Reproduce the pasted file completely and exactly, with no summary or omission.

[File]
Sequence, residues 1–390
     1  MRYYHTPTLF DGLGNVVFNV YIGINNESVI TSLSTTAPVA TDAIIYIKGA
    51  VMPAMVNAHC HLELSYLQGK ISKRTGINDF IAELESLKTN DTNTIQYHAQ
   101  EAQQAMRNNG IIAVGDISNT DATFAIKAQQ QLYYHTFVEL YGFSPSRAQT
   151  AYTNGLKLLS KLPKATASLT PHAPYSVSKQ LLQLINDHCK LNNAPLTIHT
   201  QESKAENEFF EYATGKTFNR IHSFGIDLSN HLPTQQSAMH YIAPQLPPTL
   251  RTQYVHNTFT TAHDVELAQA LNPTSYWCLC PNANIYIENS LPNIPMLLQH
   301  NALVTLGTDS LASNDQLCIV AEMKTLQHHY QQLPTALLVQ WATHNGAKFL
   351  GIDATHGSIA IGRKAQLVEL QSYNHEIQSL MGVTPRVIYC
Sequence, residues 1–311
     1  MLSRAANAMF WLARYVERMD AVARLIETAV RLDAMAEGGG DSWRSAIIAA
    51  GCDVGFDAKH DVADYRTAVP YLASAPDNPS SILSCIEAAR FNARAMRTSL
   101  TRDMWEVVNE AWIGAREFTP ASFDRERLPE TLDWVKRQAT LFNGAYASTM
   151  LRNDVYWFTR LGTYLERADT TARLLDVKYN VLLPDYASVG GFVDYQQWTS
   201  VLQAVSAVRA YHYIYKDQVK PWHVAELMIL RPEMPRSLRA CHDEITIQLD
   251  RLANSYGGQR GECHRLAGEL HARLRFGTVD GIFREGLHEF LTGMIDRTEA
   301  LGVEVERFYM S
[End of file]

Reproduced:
Sequence, residues 1–390
     1  MRYYHTPTLF DGLGNVVFNV YIGINNESVI TSLSTTAPVA TDAIIYIKGA
    51  VMPAMVNAHC HLELSYLQGK ISKRTGINDF IAELESLKTN DTNTIQYHAQ
   101  EAQQAMRNNG IIAVGDISNT DATFAIKAQQ QLYYHTFVEL YGFSPSRAQT
   151  AYTNGLKLLS KLPKATASLT PHAPYSVSKQ LLQLINDHCK LNNAPLTIHT
   201  QESKAENEFF EYATGKTFNR IHSFGIDLSN HLPTQQSAMH YIAPQLPPTL
   251  RTQYVHNTFT TAHDVELAQA LNPTSYWCLC PNANIYIENS LPNIPMLLQH
   301  NALVTLGTDS LASNDQLCIV AEMKTLQHHY QQLPTALLVQ WATHNGAKFL
   351  GIDATHGSIA IGRKAQLVEL QSYNHEIQSL MGVTPRVIYC
Sequence, residues 1–311
     1  MLSRAANAMF WLARYVERMD AVARLIETAV RLDAMAEGGG DSWRSAIIAA
    51  GCDVGFDAKH DVADYRTAVP YLASAPDNPS SILSCIEAAR FNARAMRTSL
   101  TRDMWEVVNE AWIGAREFTP ASFDRERLPE TLDWVKRQAT LFNGAYASTM
   151  LRNDVYWFTR LGTYLERADT TARLLDVKYN VLLPDYASVG GFVDYQQWTS
   201  VLQAVSAVRA YHYIYKDQVK PWHVAELMIL RPEMPRSLRA CHDEITIQLD
   251  RLANSYGGQR GECHRLAGEL HARLRFGTVD GIFREGLHEF LTGMIDRTEA
   301  LGVEVERFYM S